How Can Automated Vehicles Increase Access to Marginalized Populations and Reduce Congestion, Vehicle Miles Traveled, and Greenhouse Gas Emissions? A Case Study in the City of Los Angeles
Small and low-income areas within major urban regions may be suitable candidates for early deployment of automated shared vehicles because of high demand for low-cost travel alternatives. This study used an open-sourced dynamic agent-based microsimulation model, adopted from the framework originally created by other researchers in 2016, to evaluate the travel, greenhouse gas (GHGs), and equity impacts of single- and multiple-passenger automated taxi scenarios, including free transit fares and a Vehicle Miles Traveled (VMT) tax in the Westside Cities area in Western Los Angeles (LA).
For the LA dynamic agent-based model developed in this study, data from LA Metropolitan Planning Organization’s current activity-based travel demand model were used to obtain person-specific travel plans corresponding to person-specific socio-economic attributes, including household income, household size, ethnicity, gender, employment, educational attainment, and access to personal vehicles. Four policy scenarios were considered. These were: (1) a single-passenger automated taxi service with a minimum fare of four dollars and a distance-based fare of $0.55 per mile, (2) a multiple-passenger automated taxi service that allows up to four people to share a ride with a minimum fare of two dollars and a distance-based fare of $0.15 per mile, (3) a free transit by reducing the daily cost of transit from seven dollars in the base case scenario to free ride, (4) a VMT tax policy by doubling the distance-based fee for personal vehicle travel ($0.16 per mile) in the base case scenario to $0.32 per mile. In the end, three specific scenarios were tested based on the policy scenarios described. These were Scenario A: automated taxis only (Auto-Taxi Scenario), Scenario B: automated taxis plus free transit (+Free Transit Scenario), and Scenario C: automated taxis plus free transit and the VMT tax (+VMT Tax Scenario). The size of the automated taxi fleet in the model was dynamically re-adjusted to keep 90 percent of all wait times for single-passenger and multiple-passenger below 10 minutes and 15 minutes, respectively.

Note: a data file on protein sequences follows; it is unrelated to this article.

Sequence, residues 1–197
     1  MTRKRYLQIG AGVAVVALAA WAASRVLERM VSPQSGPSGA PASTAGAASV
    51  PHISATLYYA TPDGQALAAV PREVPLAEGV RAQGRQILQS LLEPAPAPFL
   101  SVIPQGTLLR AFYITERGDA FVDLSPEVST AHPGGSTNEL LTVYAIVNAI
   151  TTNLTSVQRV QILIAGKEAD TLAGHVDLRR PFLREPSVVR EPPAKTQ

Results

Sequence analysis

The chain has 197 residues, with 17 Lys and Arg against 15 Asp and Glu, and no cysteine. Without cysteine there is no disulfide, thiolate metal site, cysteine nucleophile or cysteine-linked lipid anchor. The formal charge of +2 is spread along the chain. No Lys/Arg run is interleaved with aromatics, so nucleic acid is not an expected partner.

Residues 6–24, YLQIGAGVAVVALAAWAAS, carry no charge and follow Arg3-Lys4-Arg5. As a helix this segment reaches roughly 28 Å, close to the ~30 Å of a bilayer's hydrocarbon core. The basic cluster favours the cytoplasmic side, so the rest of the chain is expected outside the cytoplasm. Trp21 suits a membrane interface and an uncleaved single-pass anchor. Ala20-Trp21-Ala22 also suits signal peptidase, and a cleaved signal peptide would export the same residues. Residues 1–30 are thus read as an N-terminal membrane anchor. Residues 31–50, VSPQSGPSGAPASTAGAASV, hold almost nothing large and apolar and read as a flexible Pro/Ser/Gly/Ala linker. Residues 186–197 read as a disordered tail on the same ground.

- The simulation results indicated that automated taxis increased VMT by about 20 percent across scenarios.
- The simulation results showed that transit travel in Scenario A (automated taxis only) decreased by about 50 percent. However, the addition of free transit fares reversed this decline and increased transit use by about eight percent compared to the base case. Scenario C further increased transit travel (about 51 percent increase compared to the base case).
- GHGs declined by 23 to 26 percent when automated taxis are battery electric vehicles. However, GHG emissions could increase from 16 to 18 percent across scenarios when automated taxis are non-battery electric vehicles.
- The equity analysis showed that Scenario A provided more accessibility benefits for travelers in three low-income classes (i.e., low, very low, extremely low income classes) than total benefits and benefits for the middle- and high-income travelers. For the extremely low-income category, travel accessibility benefits increased by 394 percent. Scenario B further increased benefits for extremely low income class. It is worth noting that the VMT tax eliminated almost all of the benefits brought by the automated taxi and free transit scenarios, led to losses for all three low-income groups.